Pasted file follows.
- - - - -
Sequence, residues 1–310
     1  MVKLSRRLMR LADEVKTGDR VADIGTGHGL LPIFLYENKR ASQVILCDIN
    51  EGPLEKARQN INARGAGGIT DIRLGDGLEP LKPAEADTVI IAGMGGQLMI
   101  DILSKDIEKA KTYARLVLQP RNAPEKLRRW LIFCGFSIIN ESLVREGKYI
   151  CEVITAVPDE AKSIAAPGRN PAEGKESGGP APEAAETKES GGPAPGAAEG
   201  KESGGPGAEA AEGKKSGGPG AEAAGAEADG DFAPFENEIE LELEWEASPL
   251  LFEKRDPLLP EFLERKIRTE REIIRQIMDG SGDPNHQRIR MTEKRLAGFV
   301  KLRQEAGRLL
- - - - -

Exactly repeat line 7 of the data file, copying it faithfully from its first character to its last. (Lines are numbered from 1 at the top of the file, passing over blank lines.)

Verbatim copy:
   251  LFEKRDPLLP EFLERKIRTE REIIRQIMDG SGDPNHQRIR MTEKRLAGFV